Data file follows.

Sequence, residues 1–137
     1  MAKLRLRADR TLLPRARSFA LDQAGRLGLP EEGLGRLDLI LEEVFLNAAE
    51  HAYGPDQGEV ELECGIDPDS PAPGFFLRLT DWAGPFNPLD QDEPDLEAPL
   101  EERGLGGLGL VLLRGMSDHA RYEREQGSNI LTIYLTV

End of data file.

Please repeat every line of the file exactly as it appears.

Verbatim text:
Sequence, residues 1–137
     1  MAKLRLRADR TLLPRARSFA LDQAGRLGLP EEGLGRLDLI LEEVFLNAAE
    51  HAYGPDQGEV ELECGIDPDS PAPGFFLRLT DWAGPFNPLD QDEPDLEAPL
   101  EERGLGGLGL VLLRGMSDHA RYEREQGSNI LTIYLTV